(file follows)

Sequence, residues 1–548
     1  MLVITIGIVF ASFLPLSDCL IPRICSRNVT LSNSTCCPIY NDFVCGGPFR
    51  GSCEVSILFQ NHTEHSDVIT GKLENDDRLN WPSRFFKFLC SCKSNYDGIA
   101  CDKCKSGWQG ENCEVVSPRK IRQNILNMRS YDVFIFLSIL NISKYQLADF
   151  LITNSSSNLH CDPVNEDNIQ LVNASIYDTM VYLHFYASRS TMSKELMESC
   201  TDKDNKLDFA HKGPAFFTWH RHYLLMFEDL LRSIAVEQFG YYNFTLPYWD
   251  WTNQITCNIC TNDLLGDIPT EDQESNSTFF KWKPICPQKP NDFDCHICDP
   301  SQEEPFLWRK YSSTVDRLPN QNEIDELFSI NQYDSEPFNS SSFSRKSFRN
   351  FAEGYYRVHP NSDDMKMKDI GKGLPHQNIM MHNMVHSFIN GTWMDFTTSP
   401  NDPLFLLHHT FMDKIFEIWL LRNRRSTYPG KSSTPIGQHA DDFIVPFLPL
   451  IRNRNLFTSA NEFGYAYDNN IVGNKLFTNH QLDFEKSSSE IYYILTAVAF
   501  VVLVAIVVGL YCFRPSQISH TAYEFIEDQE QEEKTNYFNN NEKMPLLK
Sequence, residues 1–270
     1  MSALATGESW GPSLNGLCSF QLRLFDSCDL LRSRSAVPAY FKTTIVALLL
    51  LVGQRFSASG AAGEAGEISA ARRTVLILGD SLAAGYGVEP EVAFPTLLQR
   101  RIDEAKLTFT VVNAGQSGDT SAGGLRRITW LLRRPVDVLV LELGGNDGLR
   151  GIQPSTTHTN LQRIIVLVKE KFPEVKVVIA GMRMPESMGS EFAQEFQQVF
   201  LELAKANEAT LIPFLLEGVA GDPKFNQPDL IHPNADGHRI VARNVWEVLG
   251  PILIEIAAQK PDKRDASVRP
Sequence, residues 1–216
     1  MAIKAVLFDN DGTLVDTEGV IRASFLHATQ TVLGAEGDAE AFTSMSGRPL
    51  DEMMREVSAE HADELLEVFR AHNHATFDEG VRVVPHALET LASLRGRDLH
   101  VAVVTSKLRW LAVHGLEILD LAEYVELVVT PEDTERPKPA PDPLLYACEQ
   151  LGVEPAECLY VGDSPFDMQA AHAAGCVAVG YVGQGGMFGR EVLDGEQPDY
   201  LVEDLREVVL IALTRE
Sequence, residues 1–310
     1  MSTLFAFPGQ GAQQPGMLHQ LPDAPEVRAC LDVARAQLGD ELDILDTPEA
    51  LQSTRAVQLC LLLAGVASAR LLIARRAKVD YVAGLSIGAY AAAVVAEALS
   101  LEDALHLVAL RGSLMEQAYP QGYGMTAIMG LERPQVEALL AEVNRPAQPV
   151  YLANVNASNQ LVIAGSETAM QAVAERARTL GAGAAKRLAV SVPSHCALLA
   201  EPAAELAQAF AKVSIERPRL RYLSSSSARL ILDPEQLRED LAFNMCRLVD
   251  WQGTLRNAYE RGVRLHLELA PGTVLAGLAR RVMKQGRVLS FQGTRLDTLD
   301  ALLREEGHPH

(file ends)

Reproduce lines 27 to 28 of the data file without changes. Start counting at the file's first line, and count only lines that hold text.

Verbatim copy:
     1  MSTLFAFPGQ GAQQPGMLHQ LPDAPEVRAC LDVARAQLGD ELDILDTPEA
    51  LQSTRAVQLC LLLAGVASAR LLIARRAKVD YVAGLSIGAY AAAVVAEALS